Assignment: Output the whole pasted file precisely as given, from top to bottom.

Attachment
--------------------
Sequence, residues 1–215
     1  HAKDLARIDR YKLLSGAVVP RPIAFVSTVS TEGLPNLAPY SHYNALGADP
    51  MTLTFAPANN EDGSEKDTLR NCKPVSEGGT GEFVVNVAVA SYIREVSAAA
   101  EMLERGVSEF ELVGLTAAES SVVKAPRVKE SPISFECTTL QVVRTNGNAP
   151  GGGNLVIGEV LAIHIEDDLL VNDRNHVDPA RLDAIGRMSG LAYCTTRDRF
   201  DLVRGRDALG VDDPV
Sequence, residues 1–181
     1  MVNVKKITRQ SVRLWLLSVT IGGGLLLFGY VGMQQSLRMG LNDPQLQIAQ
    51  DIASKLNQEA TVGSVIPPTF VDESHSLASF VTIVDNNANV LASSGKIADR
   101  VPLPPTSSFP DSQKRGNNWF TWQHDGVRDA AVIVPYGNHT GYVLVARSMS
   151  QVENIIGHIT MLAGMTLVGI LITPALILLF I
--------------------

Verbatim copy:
Sequence, residues 1–215
     1  HAKDLARIDR YKLLSGAVVP RPIAFVSTVS TEGLPNLAPY SHYNALGADP
    51  MTLTFAPANN EDGSEKDTLR NCKPVSEGGT GEFVVNVAVA SYIREVSAAA
   101  EMLERGVSEF ELVGLTAAES SVVKAPRVKE SPISFECTTL QVVRTNGNAP
   151  GGGNLVIGEV LAIHIEDDLL VNDRNHVDPA RLDAIGRMSG LAYCTTRDRF
   201  DLVRGRDALG VDDPV
Sequence, residues 1–181
     1  MVNVKKITRQ SVRLWLLSVT IGGGLLLFGY VGMQQSLRMG LNDPQLQIAQ
    51  DIASKLNQEA TVGSVIPPTF VDESHSLASF VTIVDNNANV LASSGKIADR
   101  VPLPPTSSFP DSQKRGNNWF TWQHDGVRDA AVIVPYGNHT GYVLVARSMS
   151  QVENIIGHIT MLAGMTLVGI LITPALILLF I